Brain Injury Due to Failure to Properly Evaluate
Lawsuit Against Johns Hopkins Hospital | December 9, 2020
The complaint alleges that on February 7, 2019, the child was born vaginally via vacuum extraction at 36 weeks and 5 days. The delivery occurred at Johns Hopkins Hospital. The child was discharged with no signs of distress or concern. Over the next several days, the child’s mother reported to the child’s doctors that the child was not feeding and was lethargic. The doctors and nurses told the mother to continue trying to feed the child but never instructed her to bring the child in for an exam due to the concerns over the child’s noticeable lethargy, a possible sign of infection. The mother continued to have difficulty feeding the child on the evening of February 12, 2019 and the early morning hours of February 13, 2019. As such, she brought the child to the emergency department at the Johns Hopkins Hospital on February 13, 2019. Upon evaluation, the child was found to be hypothermic, hypotensive, apneic and bradycardic, all of which required aggressive resuscitation. During her PICU course, the child was diagnosed with E-coli meningitis, septic shock, DIC, respiratory failure and seizures. Neuroimaging revealed cortical vein thrombosis in both posterior hemispheres, subdural empyema, ventriculitis, ventriculomegaly, and cerebellar hemorrhages. She spent nearly a month in the PICU recovering from her infection, brain damage, and other injuries. Today, the child suffers from brain damage, developmental delay, cortical vision impairment, among other injuries and damages.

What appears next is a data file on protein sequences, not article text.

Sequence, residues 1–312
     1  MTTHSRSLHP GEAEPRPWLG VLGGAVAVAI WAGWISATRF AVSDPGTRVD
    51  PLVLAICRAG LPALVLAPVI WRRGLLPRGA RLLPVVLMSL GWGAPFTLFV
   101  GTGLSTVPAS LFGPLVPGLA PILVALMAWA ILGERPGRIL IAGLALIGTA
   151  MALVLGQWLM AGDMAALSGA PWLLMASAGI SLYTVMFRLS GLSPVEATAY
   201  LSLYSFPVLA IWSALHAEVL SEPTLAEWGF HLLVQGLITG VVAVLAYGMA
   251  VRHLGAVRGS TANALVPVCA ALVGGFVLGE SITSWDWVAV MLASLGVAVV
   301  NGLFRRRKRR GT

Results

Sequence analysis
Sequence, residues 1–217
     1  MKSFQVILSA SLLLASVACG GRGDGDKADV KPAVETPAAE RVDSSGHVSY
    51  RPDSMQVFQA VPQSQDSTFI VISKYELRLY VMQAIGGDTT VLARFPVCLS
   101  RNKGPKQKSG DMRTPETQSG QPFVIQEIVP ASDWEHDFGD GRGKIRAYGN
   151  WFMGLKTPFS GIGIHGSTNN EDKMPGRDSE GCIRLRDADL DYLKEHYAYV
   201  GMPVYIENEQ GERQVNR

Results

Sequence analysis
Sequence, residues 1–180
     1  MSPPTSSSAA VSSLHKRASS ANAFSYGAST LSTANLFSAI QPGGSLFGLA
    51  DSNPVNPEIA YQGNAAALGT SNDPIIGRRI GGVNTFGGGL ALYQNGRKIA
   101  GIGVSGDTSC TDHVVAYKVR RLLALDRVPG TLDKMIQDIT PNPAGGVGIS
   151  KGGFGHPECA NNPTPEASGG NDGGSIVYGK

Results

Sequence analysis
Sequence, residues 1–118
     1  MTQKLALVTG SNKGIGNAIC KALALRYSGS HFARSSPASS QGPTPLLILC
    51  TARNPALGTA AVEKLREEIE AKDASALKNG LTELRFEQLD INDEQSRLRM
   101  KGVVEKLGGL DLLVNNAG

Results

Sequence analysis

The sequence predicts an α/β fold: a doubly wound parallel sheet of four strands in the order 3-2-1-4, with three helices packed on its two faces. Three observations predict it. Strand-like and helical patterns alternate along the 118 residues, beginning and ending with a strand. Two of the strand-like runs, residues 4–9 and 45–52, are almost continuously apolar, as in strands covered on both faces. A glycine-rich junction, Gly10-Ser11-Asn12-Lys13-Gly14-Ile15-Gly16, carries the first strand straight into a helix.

The lawsuit alleges that the child’s injuries were caused by the negligence of John Hopkins Hospital and its employees. The lawsuit alleges that the Defendants failed to properly respond to concerning signs and that this failure was the cause of the child’s injuries.
The action is pending in the Circuit Court for Baltimore City, Maryland.